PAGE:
Prep a square 8x8 glass pan (or whatever you have that 8 of these will fit in) by lightly greasing or spraying it. In a medium sized bowl, put chopped chicken (we're talking 1" cubes or so) and 1/2 cup of the sauce, then peel a tortilla off a napkin and sprinkle a little cheese on it, then put 1/4 cup of the filling on it and roll up. Place in pan, seam side down, then continue to fill the rest of the tortillas until the filling is gone. If there's any left over, you can soften another tortilla or two, or fry one hard until it's crunchy and make yourself a pre-dinner tostada with the filling left and some more cheese. If anyone asks what you're doing, just tell them you're checking to see if it has enough salt. Cover with remaining sauce, then bake at 350 for about 35 minutes. Remove from oven, sprinkle with remaining cheese and put back in for about 5 minutes or until the cheese is melted and bubbly. Let stand 10 minutes, or just sprinkle with black olives and tomatoes over it and eat it like a man who doesn't care that the skin on the roof of his mouth will blister and hang down in shreds for a couple days because it smells SO GOOD and he hasn't eaten anything since a bag of trail mix from the vending machine at lunchtime.

Haha, this recipe makes 4 WHOSE universe?? I would probably have to quadruple it to make it a viable meal here at Casa de Moose....or include a stinkin' salad. Ever notice that when you go to a Mexican restaurant, the veggies only come to your table in salsa form or as a garnish? I rest my case....the olives and tomatoes ARE the salad, just make sure you have a never ending basket of chips and bowl of salsa and you'll be mui bueno.

Monday, August 16, 2010

More pig, please.

My daughter posted on Facebook that she was making a "creamy Italian potato (soy) sausage soup", and one of her friends suggested it would taste better if there was some real pig in it. Altho I am now fixated on my newly invented word, "Soysages", and think with her help we could invent them and make a zillion bucks off people who shun food with mothers, I must say "I LOVE MEAT". I heartily agree with the bumper sticker "If God didn't want us to eat meat, why did he make animals so delicious?" and am slightly resentful of God's rule that we can't eat it on Fridays during Lent. But I also will not stand in the way of those who do not, for whatever reason, enjoy our yummy non-human friends as long as they respect my right to carve off a hunk of Ferdinand the Bull and wave it over the barbie for my dinner.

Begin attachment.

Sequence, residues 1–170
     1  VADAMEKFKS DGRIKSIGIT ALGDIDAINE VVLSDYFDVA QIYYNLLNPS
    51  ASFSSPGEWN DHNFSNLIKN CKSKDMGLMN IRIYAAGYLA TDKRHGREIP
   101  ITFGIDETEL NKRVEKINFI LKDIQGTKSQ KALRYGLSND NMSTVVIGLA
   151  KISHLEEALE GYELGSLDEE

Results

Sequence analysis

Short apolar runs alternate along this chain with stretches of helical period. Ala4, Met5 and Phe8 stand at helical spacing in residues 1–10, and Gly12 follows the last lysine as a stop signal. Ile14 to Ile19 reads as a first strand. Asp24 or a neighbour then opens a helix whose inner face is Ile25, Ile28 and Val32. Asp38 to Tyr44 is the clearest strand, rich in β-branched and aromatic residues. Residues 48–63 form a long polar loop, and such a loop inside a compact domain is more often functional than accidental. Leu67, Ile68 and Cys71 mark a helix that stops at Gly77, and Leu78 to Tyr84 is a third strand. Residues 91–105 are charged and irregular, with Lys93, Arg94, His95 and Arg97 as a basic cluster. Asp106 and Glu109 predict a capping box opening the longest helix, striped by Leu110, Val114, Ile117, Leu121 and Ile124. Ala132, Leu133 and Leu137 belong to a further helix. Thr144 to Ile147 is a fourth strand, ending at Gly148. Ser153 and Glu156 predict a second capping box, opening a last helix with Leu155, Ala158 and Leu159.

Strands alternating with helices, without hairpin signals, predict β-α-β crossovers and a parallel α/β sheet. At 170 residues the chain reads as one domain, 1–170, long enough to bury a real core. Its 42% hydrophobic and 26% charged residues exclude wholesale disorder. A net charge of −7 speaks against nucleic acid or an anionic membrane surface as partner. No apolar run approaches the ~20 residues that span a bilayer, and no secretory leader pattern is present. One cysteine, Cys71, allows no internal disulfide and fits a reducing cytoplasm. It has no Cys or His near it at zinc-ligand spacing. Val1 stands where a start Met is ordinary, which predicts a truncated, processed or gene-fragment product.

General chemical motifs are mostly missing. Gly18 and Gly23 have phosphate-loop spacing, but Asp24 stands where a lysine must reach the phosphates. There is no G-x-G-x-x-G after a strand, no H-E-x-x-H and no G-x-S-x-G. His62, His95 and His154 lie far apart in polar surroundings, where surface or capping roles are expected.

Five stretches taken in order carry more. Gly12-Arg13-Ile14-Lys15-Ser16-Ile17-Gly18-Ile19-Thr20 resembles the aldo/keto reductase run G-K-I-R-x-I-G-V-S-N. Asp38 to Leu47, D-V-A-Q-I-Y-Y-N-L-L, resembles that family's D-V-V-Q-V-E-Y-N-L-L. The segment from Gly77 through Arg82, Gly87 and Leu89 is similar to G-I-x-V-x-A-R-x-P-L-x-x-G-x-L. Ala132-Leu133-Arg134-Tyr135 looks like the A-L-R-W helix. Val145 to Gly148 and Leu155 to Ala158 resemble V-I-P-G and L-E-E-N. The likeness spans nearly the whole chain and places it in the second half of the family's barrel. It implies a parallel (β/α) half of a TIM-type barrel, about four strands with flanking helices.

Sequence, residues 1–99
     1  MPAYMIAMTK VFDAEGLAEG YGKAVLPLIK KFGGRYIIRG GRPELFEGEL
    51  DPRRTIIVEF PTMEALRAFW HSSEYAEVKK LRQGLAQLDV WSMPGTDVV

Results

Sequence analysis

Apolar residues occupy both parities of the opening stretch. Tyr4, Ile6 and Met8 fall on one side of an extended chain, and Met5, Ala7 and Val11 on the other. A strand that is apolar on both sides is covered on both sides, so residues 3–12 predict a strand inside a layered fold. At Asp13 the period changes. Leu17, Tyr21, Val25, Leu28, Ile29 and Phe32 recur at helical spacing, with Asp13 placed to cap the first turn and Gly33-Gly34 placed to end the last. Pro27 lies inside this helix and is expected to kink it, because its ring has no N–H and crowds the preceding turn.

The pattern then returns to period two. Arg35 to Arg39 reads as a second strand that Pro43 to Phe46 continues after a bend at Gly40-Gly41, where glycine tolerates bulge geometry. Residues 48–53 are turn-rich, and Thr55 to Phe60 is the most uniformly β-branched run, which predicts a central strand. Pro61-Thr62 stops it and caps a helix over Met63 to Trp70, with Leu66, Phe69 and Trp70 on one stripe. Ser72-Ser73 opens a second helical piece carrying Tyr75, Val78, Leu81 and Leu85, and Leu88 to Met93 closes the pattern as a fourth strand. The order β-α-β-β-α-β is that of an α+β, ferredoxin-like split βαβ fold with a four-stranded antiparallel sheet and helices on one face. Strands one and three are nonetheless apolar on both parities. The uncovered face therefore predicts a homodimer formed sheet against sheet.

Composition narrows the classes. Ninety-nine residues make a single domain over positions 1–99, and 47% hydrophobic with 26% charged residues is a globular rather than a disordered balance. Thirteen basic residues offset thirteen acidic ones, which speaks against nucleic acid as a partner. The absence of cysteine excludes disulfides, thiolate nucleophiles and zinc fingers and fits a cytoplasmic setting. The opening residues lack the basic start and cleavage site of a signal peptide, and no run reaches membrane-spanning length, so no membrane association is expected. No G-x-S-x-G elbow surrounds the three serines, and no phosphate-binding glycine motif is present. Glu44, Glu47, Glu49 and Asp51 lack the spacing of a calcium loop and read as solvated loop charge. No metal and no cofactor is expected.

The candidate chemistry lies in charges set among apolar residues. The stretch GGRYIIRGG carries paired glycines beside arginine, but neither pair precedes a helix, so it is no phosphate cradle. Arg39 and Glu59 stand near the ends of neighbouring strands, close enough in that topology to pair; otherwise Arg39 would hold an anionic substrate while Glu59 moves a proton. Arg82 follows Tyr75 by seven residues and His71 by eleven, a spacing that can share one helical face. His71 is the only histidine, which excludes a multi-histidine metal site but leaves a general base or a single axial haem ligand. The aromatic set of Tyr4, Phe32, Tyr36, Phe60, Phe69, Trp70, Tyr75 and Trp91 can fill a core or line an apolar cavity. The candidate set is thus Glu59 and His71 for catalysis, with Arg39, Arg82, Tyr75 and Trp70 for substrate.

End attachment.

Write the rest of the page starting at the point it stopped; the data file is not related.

Becky (above mentioned daughter) is a talented cook, and I know this because she has made many vegetarian and even vegan dishes that have totally not made me barf - and I'm sure that her Soysage Soup was quite tasty, even though she didn't have kale to put in it. This recipe was developed from a few I found on the internet using a search for Olive Garden Zuppa Toscana. If you've never had it there (I have not), it's like a potato soup, but with kale and spicy Italian sausage in it - it's not like a chowder, but has lots of goodies and a broth that packs a punch. There is nothing better on a crisp, cool fall night than this soup with some rustic Italian bread warmed in the oven right on the rack so the crust is crispy, then spread with some delicious sweet butter....I love butter too, but that is another blog.